In infrastructure, we own Ienova a beneficiary of structural improvements in the Mexican economy, such as deregulation of the energy sector, and is not just a play on a favorable trade balance with the U.S. Mexico increasingly needs U.S.-produced gasoline and gas to fuel electricity and its domestic economy. This could be where Mexico is most immediately vulnerable to an end to NAFTA, given the U.S. ban on energy exports outside of NAFTA. Even so, Ienova is the kind of operator and developer of energy infrastructure in Mexico that would not be impacted by these headwinds. The company has no export business and focuses mainly on building pipelines, transmission lines and renewable power plants. These are assets with long-term contracts and predictable stream of earnings. Deregulation of the energy sector in Mexico opened a gamut of opportunities for private investors to develop infrastructure to support the growth of the local economy (example: low-cost natural gas power plants) and the exploration/development of hydrocarbon reserves. In fact, the repeal of NAFTA and a more inward looking economic development may perversely give companies such as Ienova even more of an upside.
Our investing decisions aren’t derived from big-picture country calls, or guided by macro and political prevailing winds. We recognize the risks brought on by policy uncertainty; that’s part of our job as emerging market investors. We believe that investors looking at Mexico in mid-1994 would have been best served not to make a call on the macro gold-rush going in, just like it’s best not to make a call on the fear-induced sell-off now. Rather, our philosophy is to figure out whether structural reforms and local demand can lead to and support enduring business trends and, therefore, investable companies.
CS #2: India – Switching Legal Tender to Drive the Formal Economy
On November 8, 2016, India’s Prime Minister, Narendra Modi, made a shock announcement that the country’s 500 and 1,000 rupee notes would be scrapped by year-end to be replaced by new 500 and 2,000 rupee notes. Old notes needed to be deposited into a bank account, exchanged for smaller denominations or a capped amount of new notes, or spent at permitted locations by year end or they would become worthless. The scrapped notes accounted for 86% of the value of all outstanding cash.
This surprise move appears designed to achieve a number of goals:
- Drive a higher proportion of the economy through the formal sector
- Convert cash savings and working capital into bank deposits that support future lending
- Improve tax collection
- Reduce stored value of illicit income
- Rapid timetable kept opposition to a minimum
As the move was a surprise, the central bank had not pre-printed sufficient replacement notes. India has one of the world’s largest shadow economies, with cash making up an estimated 85% of transactions (Source: EuroMonitor 2012). The country’s bank system still has low penetration as illustrated by the high population per ATM (see accompanying table). As a result, the cash shortage has led to a sharp slowdown in economic activity.
Despite the near-term negatives, we believe the government’s aim, along with other new policies such as the Goods and Services Tax (GST), is sensible and should bring important medium and long-term benefits to the economy. The move, although disruptive in terms of hours spent in queues at banks and inconvenience, has proven quite popular with the public who understand that any initiative to reduce the benefits of corruption is likely to benefit them. However, in the near term, households have been scrambling for cash, slowing the purchase of all but the most essential products, and small businesses, such as the FMCG network, which delivers around half of all grocery items to millions of mom and pop stores across India, still works primarily in cash.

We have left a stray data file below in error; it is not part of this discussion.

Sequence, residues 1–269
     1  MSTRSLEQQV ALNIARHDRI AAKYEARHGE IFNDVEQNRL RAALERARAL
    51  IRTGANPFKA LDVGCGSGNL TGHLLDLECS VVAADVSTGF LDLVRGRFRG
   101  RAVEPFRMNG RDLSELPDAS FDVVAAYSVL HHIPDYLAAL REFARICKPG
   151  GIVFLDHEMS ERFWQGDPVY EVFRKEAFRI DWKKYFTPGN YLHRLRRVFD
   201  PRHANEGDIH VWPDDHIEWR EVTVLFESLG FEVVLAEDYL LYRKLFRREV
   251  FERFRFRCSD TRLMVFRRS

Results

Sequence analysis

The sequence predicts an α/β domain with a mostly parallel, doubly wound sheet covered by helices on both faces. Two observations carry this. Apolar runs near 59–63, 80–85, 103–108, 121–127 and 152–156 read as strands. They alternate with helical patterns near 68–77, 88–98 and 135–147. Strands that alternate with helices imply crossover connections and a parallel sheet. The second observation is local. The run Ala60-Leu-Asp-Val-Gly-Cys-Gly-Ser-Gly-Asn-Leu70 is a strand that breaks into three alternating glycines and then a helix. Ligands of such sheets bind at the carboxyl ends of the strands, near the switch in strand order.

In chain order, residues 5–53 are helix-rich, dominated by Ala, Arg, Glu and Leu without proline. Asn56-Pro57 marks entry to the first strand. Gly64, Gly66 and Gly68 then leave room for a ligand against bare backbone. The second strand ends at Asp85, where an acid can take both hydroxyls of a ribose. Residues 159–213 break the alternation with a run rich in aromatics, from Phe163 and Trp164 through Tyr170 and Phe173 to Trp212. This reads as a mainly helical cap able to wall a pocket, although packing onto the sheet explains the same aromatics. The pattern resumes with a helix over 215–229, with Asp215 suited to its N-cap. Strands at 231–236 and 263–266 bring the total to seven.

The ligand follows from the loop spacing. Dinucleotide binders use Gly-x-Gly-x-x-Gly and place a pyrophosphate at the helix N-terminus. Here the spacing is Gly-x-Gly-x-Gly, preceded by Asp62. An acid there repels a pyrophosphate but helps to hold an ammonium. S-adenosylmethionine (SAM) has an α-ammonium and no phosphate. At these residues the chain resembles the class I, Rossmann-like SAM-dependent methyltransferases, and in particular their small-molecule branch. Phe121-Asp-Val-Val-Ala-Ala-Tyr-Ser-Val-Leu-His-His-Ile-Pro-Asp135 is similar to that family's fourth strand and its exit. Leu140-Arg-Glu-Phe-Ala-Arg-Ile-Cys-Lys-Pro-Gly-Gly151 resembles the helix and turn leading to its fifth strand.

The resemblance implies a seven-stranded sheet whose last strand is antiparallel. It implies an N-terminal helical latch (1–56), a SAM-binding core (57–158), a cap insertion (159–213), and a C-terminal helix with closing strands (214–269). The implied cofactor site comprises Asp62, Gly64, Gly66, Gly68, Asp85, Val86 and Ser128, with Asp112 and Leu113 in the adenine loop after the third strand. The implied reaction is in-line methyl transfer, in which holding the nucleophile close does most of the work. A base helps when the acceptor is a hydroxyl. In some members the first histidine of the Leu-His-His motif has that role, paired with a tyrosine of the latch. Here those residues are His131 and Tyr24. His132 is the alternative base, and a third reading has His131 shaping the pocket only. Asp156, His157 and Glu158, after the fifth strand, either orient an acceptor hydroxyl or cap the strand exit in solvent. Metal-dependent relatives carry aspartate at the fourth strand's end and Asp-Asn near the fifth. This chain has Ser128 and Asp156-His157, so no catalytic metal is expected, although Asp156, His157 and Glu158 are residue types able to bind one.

How long will the problem last? Regarding the physical cash shortage, four cash printing presses are working around the clock to replace the approximately 22 billion cancelled notes. Full replacement dates range from the end of March to July, depending on whether they run two or three shifts at the presses, but will be reduced by cash printed before the announcement (which is not public), the cash that ends up deposited in bank accounts, and any cash that does not get converted.
Source: Bank for International Settlements, Retail Banking Research (U.S. ATMs), Statista (Euro Area ATMs).
Note: relatively high U.S. dollar and euro cash balances likely due to holdings in other regions.
Looking at the current impact of this change, a broad review has been undertaken by the Indian bank IDFC. This review found harder hit areas, which include Northern and Western India, rural areas, discretionary goods such as autos, construction, manufacturing, and smaller cash-based companies, while the South, metropolitan areas, less cyclical goods such as staples, and companies able to accept credit cards have held up better. Credit extension has helped in some areas, particularly those selling to smaller wholesale or retail businesses, and has helped volumes for larger operations. For a sense of magnitude, a rural high-ticket good, such as tractors, has seen sales plunge with a number of dealers looking at 50-60% sales declines over the November/December period. At the other end, consumer staples sales in Tier 1 cities appear to be recovering, but there is little doubt this period has been highly disruptive, albeit likely to only be short-lived.